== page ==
- Determine Who Will Speak and What to Say: Vigils can include a small memorial service, people being invited to say a few words, a moment of silence, or music.
- Plan B: What will happen in the event of inclement weather? If there a “Plan B” such as an auditorium or inside of a church where your group can gather?
Are Candles Typically Used At Candlelight Vigils? What Kind?
When people gather for a candlelight vigil, they can technically carry any kind of candle. If you are planning a vigil and want to gather items together, there are different kinds you can use.
- Tapers: When you use a taper for your vigil candle, make sure you bring drip protectors. Those are just round paper discs that go around the candle and over your hand. Tapers are long, thin candles.
- Tea Lights: Another popular candle to give for vigils are tea lights. Although those are not as easy to hold, so some people choose to use the tea lights in bags to illuminate the grounds of the vigil.
- Battery Operated Candles: There are also battery-powered tapers or otehrsmall, battery-operated candles available that can either be held alone or placed in a small votive. This is a nice option if you anticipate having children at the event.
What Can I Expect At A Candlelight Vigil?
Candlelight vigils vary a great deal depending on the purpose. A vigil is sometimes a full candlelight service, such as in the case of some Catholic services. Vigils are also a great thing to incorporate into a memorial service after a wake, and you can provide memorial candles in memory of your loved one.
You can expect some or all of the following:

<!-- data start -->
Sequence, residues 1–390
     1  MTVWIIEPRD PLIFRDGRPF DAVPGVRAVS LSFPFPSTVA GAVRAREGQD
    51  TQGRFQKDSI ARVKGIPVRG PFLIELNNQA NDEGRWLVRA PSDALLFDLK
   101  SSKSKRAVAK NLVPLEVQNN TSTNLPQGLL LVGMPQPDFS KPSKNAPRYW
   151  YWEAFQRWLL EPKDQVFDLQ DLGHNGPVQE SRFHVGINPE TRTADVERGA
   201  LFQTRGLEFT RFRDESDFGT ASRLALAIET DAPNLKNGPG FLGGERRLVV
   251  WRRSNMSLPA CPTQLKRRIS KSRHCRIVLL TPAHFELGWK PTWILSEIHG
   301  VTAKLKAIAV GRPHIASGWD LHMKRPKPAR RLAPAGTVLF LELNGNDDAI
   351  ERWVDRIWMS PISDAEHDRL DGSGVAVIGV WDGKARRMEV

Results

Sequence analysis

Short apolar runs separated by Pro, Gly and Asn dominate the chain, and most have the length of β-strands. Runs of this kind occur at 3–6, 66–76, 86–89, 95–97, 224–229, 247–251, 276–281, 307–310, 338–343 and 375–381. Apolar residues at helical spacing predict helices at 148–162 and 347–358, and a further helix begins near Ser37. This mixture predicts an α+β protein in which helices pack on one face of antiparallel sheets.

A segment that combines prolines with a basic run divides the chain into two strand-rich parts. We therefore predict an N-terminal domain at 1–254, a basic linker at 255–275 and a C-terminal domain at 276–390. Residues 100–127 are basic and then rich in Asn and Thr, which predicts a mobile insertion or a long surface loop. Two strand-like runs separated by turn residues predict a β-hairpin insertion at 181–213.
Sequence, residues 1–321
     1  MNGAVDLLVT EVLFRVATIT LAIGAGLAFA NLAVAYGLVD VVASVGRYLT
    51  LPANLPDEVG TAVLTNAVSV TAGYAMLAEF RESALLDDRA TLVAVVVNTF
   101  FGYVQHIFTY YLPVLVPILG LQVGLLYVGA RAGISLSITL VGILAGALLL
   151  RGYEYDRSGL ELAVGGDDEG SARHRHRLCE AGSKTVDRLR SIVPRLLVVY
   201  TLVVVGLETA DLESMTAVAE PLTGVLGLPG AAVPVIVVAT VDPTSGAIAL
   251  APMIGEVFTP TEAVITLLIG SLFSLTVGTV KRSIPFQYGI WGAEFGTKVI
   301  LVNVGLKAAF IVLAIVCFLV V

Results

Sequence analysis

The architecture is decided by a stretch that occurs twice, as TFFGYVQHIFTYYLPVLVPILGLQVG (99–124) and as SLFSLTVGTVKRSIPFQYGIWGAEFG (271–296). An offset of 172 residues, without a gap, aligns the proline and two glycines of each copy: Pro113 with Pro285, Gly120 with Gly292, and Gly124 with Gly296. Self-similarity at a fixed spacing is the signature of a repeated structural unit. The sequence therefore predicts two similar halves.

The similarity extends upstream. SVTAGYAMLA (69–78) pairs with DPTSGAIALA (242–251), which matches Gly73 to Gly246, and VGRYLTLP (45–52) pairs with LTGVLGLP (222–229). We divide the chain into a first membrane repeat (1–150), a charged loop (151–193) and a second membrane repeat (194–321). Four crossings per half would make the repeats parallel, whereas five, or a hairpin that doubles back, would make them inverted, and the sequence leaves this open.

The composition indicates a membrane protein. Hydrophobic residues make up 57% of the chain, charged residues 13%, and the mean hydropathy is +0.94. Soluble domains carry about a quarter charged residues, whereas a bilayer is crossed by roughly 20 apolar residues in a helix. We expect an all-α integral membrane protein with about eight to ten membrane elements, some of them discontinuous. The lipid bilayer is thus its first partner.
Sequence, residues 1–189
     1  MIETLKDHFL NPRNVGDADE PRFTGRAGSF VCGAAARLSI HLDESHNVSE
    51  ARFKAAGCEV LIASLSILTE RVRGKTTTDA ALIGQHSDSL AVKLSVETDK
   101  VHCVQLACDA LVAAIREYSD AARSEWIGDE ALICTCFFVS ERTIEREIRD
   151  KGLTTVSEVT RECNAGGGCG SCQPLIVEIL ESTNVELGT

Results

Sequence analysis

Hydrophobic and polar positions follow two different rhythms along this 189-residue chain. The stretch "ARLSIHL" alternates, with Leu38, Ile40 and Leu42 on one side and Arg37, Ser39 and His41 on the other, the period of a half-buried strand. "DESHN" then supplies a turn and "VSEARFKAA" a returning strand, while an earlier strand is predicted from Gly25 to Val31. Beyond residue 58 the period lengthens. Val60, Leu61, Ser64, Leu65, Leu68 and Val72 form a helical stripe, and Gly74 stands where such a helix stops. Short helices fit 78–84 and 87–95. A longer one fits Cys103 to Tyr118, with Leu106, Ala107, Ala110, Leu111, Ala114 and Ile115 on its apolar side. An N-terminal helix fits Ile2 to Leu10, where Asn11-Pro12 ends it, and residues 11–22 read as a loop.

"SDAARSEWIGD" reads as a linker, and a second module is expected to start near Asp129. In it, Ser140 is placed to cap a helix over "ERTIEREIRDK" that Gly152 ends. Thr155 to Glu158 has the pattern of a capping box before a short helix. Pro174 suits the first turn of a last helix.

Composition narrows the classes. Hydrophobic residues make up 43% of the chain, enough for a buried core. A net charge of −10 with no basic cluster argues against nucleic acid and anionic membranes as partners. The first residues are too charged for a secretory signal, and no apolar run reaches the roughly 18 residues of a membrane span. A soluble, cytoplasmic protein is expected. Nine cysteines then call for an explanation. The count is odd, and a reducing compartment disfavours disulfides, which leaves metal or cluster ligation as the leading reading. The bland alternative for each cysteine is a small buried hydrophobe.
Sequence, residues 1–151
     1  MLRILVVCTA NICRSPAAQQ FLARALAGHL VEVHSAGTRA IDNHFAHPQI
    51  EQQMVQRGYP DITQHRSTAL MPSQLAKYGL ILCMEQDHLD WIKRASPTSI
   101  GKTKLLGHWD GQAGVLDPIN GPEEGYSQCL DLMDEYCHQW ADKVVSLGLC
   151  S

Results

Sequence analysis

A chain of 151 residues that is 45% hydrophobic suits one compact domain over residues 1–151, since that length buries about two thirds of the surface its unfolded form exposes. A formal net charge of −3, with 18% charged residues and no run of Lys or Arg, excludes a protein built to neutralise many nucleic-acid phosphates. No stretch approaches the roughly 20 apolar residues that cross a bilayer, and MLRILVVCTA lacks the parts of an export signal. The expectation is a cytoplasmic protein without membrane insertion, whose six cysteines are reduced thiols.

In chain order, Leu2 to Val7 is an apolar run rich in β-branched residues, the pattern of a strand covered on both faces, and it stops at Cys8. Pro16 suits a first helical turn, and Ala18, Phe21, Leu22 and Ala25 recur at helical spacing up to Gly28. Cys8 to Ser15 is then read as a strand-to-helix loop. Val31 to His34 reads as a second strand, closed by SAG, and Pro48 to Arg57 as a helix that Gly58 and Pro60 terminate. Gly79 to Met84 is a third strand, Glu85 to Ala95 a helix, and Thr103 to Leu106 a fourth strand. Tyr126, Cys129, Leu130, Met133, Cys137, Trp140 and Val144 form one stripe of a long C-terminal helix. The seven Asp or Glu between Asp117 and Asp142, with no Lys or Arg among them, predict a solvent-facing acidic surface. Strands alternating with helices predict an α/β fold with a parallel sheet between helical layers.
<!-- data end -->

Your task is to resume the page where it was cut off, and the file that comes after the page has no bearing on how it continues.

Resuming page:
- Prayers: No matter why the vigil is taking place, prayers are often said.
- Music: Sometimes you can say everything you need to in a song or two, so there might be music.
- Open Microphone: Another thing that happens is the host might invite people to step up and speak. This is true whether it is a service for a funeral, a memorial service or to raise awareness to a cause or public happening.
- Emotions: Don’t be surprised if emotions run high at a vigil.
What Are Examples Of Recent Candlelight Vigils In The US And Around The World
Elvis Week: In commemoration of the 45th anniversary of the death of the King of Rock and Roll, Elvis Presley, fans flocked to Graceland to participate in candlelight vigils. The vigil is considered the cornerstone of this annual week to celebrate Elvis and his impact.
Tiananmen Square: For years, protesters appeared in Tiananmen Square for a candlelight vigil in remembrance of the Tiananmen Square massacre of 1989. Of late, the Beijing government has forbidden this public display of outrage in Hong Kong. Now, these vigils are popping up across the globe to raise awareness of their suppression.
Pulse Club Shooting: After a gay nightclub was shot up in 2016 in Orlando, Florida, killing 49, vigils have been held annually. The vigils spread worldwide with messages against violence. Recently, the owner of Pulse spearheaded a vigil for the school shooting in Uvalde, TX.
Domestic Violence: Many vigils are held each year to raise awareness about the pervasive problems of domestic violence throughout the US and the world. These are often held in October, Domestic Violence Awareness Month.
War: Holding candlelight vigils for those who are victims of war and violence is common and topical. The recent aggression against the Ukraine is a recent example of people coming together to pray for the safety of a suppressed people
Roe v. Wade: After the recent Supreme Court ruling that overturned the 1973 law that gave women the constitutional right to have an abortion, candlelight vigils and other protests were held across the country.